Each case must be assessed individually. For example, if a person has a fatal muscle disease that in the end stage leads to suffocation and if this person is already connected to a ventilator, switching off would still be permissible, says Hadil Lababidi:

"Because switching off in itself does not cause death. Rather, the underlying disease causes death here. Letting die is allowed in this sense."

In this case, allowing to die means discontinuing treatment because recovery would not be possible in the last phase of life, when the process of dying has already started.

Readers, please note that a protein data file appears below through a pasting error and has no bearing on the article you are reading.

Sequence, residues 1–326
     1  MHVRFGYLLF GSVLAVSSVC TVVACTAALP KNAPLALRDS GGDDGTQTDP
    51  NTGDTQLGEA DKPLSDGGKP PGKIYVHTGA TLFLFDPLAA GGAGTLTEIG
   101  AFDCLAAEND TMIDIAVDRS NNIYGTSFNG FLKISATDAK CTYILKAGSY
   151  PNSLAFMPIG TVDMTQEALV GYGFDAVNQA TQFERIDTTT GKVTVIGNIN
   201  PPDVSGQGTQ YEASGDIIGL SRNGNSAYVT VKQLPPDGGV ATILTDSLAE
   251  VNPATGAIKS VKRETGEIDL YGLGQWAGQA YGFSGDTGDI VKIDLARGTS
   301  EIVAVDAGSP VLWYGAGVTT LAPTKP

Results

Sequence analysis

"Here, Islamic law allows useless therapies to be discontinued. After the smaller family has agreed to the consultation with the doctor. In this case, self-determined dying is permitted in the case of futile measures. That does not mean, however, that active euthanasia in the case of terminally ill people People is allowed. "

Active euthanasia means killing on demand. This is not allowed by the German legislator anyway. The right to an assisted suicide regardless of illness is now being discussed - that is, one has to be able to ingest a lethal drug that someone else has made available upon request. For example, if someone has a brain tumor that is causing them excruciating pain. And at the end of his life, complete immobility with sickness in bed awaits him - what then? Is he allowed to commit suicide from an Islamic theological point of view? Lababidi:

"In that case it would also not be allowed to carry out the assisted suicide ..."